St. Alban's church was the idea of Canon Henry Proctor, who came to Stroud as vicar in 1912. He was concerned about the large and growing population on Stroud Hill who had no contact with organised religion.
In 1913, the St. Laurence's Church Council set up a committee to raise money for a new church as a memorial to Arthur Stanton. Stanton was a native of Stroud who became one of the most famous Anglican clergymen in the country during his fifty years as vicar of St. Alban's Church, Holborn in London. He retired to Stroud and died at Upfield in March 1913.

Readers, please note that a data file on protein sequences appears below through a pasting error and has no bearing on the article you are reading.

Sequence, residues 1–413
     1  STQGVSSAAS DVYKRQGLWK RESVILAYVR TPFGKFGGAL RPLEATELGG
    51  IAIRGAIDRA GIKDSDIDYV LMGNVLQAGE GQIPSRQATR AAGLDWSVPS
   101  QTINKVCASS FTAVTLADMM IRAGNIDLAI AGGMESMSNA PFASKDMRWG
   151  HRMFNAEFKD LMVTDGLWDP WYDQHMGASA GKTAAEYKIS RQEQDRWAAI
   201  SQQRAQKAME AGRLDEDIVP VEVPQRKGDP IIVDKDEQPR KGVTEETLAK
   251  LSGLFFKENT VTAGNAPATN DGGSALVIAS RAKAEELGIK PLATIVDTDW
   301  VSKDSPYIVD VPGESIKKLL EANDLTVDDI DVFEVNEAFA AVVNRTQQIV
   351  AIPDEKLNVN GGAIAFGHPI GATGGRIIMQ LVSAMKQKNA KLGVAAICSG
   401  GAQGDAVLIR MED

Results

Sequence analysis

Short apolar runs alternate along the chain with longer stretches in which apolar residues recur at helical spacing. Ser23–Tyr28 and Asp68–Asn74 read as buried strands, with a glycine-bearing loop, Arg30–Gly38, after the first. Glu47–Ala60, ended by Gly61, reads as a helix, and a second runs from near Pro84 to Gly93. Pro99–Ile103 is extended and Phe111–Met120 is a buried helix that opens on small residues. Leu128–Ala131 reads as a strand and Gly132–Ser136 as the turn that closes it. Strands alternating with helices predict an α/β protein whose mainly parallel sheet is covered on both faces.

The site chosen was that of the former parish workhouse, built in 1725, parts of which were incorporated in the church. The foundation stone was laid by his sister Rose on 26 June 1915, and the completed building was dedicated on St. Alban's Day, 17 June 1916.
The church was designed by Thomas Falconer and is a small Byzantine-style stone building with a domed apse and pantiled roof. The interior is very simple and un-English, and has fittings designed by Thomas and Peter Falconer and by Henry Payne. The Wesley Rooms to the north, were added by Peter Meers in 1982-83. Today, the church is shared between the Methodists and the Anglicans.